"there's a Python feature specific to OO that they really wish was in Moose"

      I'd say the Moose OO model is far more powerful and useful than Python's. Roles, method modifiers, lazy builders, delegation and coercion are all really good for reducing repetitive code and improving OO design. With enough work most of that can be emulated in Python, but Moose gives it to you straight out of the box.

      By the way; don't know if you're aware, but you can do this in Moose:

      has [qw(arg1 arg2)] => (is => "rw");

      Or of course:

      has $_ => (is => "rw") for qw(arg1 arg2);

      Also I'll offer a MooX::Struct example for your class. MooX::Struct is a compact builder for simple classes that mainly consist of attributes (not methods). It uses Moo which offers an easy upgrade path to Moose.

      use v5.12; use MooX::Struct OurClass => [ qw( $arg1 $arg2 ), TO_STRING => sub { join "\n", @{+shift} }, ]; my $object = OurClass["Hello", "World"]; say $object;
      package Cow { use Moo; has name => (is => 'lazy', default => sub { 'Mooington' }) } say Cow->new->name
        That's a little more compact than I was hoping for to show to non-Perl people, but I may start using it myself. <quote>Also I'll offer a MooX::Struct example for your class. MooX::Struct is a compact builder for simple classes that mainly consist of attributes (not methods).</quote> I was looking for this just last week, but I wanted one of the attributes to be a unique list, so there was a bit of overhead in writing the accessors.
        has 'name' => ( is => 'rw', isa => 'Str', required => 1 ); has 'members' => ( is => 'rw', isa => 'HashRef', default => sub{ {} }, ); sub add_members { my ($self, @members) = @_; $self->members()->{$_}++ for (@members); # no duplicates in list } sub list_members { my $self = shift; return keys %{$self->members()}; }
        I use it to create a group with a name and then add members to the list as I pick them out of a database. When I'm finished in the database, I go through all the groups and dump the members list. How would you do that in MooX::Struct and would it be able to modify the members list after instantiation?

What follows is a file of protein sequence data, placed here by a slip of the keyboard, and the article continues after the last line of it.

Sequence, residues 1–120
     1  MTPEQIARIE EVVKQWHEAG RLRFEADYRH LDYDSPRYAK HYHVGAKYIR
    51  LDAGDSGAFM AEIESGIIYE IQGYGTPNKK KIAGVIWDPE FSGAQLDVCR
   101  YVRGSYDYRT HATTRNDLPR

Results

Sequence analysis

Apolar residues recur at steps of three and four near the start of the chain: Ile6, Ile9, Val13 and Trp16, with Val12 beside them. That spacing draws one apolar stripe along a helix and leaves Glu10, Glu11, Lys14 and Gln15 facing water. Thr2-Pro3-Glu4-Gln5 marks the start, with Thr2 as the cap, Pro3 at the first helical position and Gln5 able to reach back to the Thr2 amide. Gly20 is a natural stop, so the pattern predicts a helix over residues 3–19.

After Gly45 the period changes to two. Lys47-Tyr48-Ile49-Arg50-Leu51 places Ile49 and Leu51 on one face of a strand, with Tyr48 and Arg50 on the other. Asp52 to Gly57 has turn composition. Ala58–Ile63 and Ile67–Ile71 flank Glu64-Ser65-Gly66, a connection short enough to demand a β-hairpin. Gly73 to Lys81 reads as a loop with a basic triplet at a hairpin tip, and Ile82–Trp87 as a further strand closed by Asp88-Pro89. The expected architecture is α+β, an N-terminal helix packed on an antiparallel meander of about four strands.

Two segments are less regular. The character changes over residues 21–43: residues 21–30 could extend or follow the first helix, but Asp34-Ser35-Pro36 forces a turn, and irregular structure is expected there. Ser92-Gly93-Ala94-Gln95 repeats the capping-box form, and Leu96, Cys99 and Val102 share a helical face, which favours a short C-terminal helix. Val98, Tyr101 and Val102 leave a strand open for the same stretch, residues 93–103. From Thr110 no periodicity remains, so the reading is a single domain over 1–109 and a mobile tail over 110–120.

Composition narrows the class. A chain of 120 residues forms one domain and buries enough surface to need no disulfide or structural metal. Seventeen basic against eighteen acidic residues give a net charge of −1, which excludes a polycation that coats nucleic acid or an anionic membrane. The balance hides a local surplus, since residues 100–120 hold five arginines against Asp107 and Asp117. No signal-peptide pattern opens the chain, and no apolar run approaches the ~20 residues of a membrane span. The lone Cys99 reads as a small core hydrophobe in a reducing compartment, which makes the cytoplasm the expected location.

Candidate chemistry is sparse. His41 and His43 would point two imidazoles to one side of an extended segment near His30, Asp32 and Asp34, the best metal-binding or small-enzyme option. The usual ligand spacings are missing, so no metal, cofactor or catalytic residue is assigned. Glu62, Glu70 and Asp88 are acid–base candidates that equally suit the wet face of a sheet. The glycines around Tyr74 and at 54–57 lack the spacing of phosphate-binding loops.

Sometimes I can think of 6 impossible LDAP attributes before breakfast.

          By default, all attributes in MooX::Struct are read-only, but it's easy to make them read-write...

          use MooX::Struct -rw, Person => [qw( $name @addresses )];

          For your members example, Moose's native traits would probably be helpful. Moo doesn't currently offer anything similar to this, but there is somebody developing such a beast - I believe it will be on CPAN soonish. I'd probably do something along these lines...

          use v5.14; package Person { use Moose; use overload q[""] => sub { $_[0]->name }, fallback => 1; has name => ( is => 'ro', isa => 'Str', required => 1, ); } package Club { use Moose; use overload q[""] => sub { $_[0]->name }, fallback => 1; has name => ( is => 'ro', isa => 'Str', required => 1, ); # This is a private attribute. We want people to only # manipulate the member list via add_members, etc. has _members => ( traits => ['Array'], is => 'ro', isa => 'ArrayRef[Person]', init_arg => undef, default => sub { [] }, handles => { add_members => 'push', has_members => 'count', list_members => 'elements', _uniq_members => 'uniq', }, ); # ensure uniqueness after add_members => sub { my $self = shift; @{ $self->_members } = $self->_uniq_members; }; } my $club = Club->new(name => "The Breakfast Club"); $club->add_members( Person->new(name => "Allison"), Person->new(name => "Andy"), Person->new(name => "Brian"), Person->new(name => "Brian"), # duplicate ); $club->add_members( Person->new(name => "Andy"), # duplicate Person->new(name => "Claire"), Person->new(name => "John"), ); say for $club->list_members;
          package Cow { use Moo; has name => (is => 'lazy', default => sub { 'Mooington' }) } say Cow->new->name
    Re: Python OO v Moose
    by sundialsvc4 (Monsignor) on Feb 12, 2013 at 19:42 UTC

      (Shrug...)   The tools are different, that’s all.   Remember also that Moose is designed to provide a pragmatically acceptable object-oriented context with regard to a language (Perl) that does not intrinsically have one, whereas the Python features that you describe are native to the (current versions of the) language.   Both languages are great.   I use both of them all the time.

      But this is apples vs. oranges.   The only directly-comparable relationship that I can think of would be to “the not-here-yet language commonly known as Perl 6.”   As things stand here, Moose is doing as well as it can ... which is, pretty well.